UNPOS had established a dedicated unit to manage the implementation mechanisms, he said.  Monitoring mechanisms would be both regional and international in composition.  He added that the groundbreaking visit of Transitional Federal Government President Sheikh Sharif Sheikh Ahmed to Puntland at the end of August had heralded a new chapter in relations between the Government and regional administration, as well as overall reconciliation in the country.  Mr. Mahiga himself had been reiterating the message that all armed groups should renounce violence and join the peace process.  The changing security dynamic might help in that regard.


He warned, however, that benchmarks and timelines enshrined in the road map to end the transition would “simply not be realized in the absence of commensurate resources”.  In addition, accountability must be ensured from all parties.  He had consistently reminded the leadership that future assistance would be contingent upon timely implementation of the road map.  However, international assistance was required right now to assist the Government to extend the territory under its control and deliver services and to prevent warlords from re-emerging to fill the vacuum left by the withdrawal of Al-Shabaab.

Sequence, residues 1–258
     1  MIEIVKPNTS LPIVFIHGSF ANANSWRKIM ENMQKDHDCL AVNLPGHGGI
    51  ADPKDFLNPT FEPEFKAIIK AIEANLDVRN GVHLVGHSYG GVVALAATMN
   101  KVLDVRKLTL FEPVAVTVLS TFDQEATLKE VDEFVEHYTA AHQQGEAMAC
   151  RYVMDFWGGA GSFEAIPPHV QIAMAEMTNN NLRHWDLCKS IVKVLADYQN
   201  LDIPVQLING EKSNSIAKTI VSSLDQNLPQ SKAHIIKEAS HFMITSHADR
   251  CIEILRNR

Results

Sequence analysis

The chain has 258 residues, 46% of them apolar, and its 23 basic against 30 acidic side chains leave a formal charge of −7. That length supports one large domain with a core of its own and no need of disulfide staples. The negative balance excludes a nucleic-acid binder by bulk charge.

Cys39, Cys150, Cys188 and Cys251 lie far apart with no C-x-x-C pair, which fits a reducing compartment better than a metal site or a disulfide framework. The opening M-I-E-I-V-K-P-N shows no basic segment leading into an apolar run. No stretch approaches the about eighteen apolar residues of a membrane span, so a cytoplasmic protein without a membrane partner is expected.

In addition, he warned, the extremists were likely to resort to terrorism.  AMISOM and the Government forces must be equipped to respond to the threat with a military plan accompanied by a civilian strategy to stabilize and rehabilitate Mogadishu, for which his Office had prepared a plan together with the Government and the United Nations country team; it required initial funding of $5 million.  “Somalis must see a tangible difference between their lives under governmental authority and their lives under Al-Shabaab,” he added.